Newey banishes theory over Red Bull’s latest dominant threat


Red Bull’s Chief Technical Officer Adrian Newey has denied that the RB20 is “a step into the unknown” amid a series of radical changes.

The Milton Keynes-based squad turned heads earlier this year when it unveiled a vastly changed car concept following its dominant campaign last season.

Red Bull emerged victorious at 21 out of the 22 races staged in 2023 and its advantage over the field allowed it to switch focus to its 2024 car earlier than the rest of the competition.

This year’s challenger, which features a more aggressive design approach, had an impressive debut in Bahrain as Max Verstappen won by over 22 seconds ahead of team-mate Sergio Perez who crossed the line in second place.

Despite the impressive changes to the car, Newey denied the car was a risk for Red Bull.

Asked if the RB20 was a “step into the unknown“, speaking on the F1 Nation podcast, Newey replied: “No, not at all.

“The underlying architecture of the car is the third-generation evolution of what started as RB18.

“Where we carry everything – apart from the radiators, they’ve changed – but apart from that, the layout of the front suspension, the rear suspension, the gearbox, casing, etcetera, it’s a third evolution of RB18.”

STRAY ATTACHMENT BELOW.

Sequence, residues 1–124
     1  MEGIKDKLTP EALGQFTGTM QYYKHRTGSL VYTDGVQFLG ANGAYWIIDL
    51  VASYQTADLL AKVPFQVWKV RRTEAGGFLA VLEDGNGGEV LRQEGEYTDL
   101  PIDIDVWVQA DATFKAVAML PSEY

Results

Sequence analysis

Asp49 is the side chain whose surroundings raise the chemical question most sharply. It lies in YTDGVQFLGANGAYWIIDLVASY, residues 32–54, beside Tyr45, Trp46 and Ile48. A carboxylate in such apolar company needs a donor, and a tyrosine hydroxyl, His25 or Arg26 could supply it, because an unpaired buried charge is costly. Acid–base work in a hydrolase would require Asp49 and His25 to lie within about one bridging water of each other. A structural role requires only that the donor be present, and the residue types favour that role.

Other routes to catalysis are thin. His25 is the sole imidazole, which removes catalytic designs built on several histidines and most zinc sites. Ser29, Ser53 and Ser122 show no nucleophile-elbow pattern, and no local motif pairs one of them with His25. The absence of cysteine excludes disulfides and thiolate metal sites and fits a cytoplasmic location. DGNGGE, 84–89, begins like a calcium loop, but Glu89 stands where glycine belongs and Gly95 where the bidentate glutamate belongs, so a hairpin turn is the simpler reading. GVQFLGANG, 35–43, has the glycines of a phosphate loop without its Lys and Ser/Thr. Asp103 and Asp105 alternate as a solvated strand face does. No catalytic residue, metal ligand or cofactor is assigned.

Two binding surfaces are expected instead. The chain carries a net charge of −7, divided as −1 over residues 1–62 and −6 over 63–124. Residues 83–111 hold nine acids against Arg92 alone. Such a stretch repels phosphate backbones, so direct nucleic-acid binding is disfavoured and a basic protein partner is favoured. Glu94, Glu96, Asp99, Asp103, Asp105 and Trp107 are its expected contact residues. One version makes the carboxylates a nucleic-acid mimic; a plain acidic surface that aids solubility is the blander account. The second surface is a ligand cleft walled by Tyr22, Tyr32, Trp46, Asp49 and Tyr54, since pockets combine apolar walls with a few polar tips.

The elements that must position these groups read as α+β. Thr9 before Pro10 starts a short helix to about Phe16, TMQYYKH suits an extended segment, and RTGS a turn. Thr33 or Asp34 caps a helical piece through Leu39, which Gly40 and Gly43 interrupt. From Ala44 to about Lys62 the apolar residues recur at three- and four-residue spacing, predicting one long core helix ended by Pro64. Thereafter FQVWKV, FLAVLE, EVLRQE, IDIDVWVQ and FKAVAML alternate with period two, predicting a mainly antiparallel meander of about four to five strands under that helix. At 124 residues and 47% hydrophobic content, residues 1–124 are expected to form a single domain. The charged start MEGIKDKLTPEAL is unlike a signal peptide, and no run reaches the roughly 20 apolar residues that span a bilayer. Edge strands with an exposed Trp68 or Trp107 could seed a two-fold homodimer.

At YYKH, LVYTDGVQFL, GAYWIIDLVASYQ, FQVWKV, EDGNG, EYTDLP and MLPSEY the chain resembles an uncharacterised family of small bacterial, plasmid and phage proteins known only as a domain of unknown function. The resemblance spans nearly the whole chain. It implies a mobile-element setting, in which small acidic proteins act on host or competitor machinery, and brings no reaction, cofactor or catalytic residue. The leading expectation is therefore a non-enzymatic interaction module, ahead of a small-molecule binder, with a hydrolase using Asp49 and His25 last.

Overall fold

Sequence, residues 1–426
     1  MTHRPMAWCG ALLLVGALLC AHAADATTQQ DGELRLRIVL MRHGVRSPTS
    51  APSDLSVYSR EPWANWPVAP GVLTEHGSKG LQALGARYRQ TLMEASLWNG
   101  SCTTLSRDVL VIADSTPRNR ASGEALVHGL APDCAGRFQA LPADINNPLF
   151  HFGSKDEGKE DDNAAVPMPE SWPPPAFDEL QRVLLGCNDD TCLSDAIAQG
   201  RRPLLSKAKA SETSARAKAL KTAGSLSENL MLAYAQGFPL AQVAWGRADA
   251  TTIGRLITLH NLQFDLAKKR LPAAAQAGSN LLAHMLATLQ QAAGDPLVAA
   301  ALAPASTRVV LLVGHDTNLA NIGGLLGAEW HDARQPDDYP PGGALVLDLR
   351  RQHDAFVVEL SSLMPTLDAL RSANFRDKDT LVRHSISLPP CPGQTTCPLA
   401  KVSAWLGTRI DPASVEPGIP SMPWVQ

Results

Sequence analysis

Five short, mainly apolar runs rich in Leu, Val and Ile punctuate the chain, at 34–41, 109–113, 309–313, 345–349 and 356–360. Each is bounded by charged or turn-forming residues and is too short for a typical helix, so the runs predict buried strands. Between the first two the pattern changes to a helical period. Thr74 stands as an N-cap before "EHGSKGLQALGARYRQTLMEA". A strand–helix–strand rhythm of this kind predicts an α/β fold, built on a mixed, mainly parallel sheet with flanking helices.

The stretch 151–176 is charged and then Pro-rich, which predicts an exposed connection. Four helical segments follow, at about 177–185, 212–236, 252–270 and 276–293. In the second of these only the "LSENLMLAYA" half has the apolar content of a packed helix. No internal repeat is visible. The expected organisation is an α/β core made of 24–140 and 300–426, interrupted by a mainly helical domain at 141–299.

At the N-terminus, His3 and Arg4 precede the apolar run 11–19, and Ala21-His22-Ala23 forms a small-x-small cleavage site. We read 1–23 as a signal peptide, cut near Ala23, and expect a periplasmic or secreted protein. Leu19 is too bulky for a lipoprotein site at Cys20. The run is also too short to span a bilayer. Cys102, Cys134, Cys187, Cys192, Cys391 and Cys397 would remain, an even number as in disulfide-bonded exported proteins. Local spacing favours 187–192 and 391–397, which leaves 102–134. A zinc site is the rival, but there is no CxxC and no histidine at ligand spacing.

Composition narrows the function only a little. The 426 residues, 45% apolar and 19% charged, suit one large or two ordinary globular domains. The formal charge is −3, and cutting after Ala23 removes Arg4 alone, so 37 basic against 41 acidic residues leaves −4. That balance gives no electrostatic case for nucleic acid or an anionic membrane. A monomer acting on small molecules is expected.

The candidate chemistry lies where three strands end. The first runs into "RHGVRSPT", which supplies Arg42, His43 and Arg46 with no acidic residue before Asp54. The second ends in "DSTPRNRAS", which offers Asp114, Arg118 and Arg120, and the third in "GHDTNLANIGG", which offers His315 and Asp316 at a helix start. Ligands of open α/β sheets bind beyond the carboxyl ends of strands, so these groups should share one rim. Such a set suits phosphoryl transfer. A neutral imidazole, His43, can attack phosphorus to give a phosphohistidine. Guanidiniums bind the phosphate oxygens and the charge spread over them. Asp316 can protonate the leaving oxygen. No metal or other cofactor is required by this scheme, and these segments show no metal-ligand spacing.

A more balanced car

Newey added that while the visible changes on the surface of the car have produced the most attention, they are not necessarily behind the gain in lap time.

“The bits that are visible – and they’ve obviously caused quite a lot of attention – we’re pursuing aerodynamic gains there.

“But the visual change is much larger than the performance change you get from that, and there are other much more subtle bits people haven’t noticed that are probably responsible for a bigger gain.”

Red Bull’s only defeat last year was at the Singapore Grand Prix, a weekend throughout which it struggled to extract performance from the car.

To eradicate a repeat, Newey insisted the squad has focused on ensuring the car is competitive at all circuit configurations.

“That’s what we’ve tried to achieve, is a car that is reasonably well suited to all circuits,” he said.

“Last year the circuits we had less of an advantage on were the maximum downforce street tracks.

“Singapore, we famously made a bit of a mess of, underperformed to what we could have achieved – I think we could have certainly achieved podiums there had we got our act together a bit better.

“But it certainly is true to say that those circuits are the ones that we probably have less advantage on, but as long as we’re not disastrous on them, then maybe that’s good enough.”



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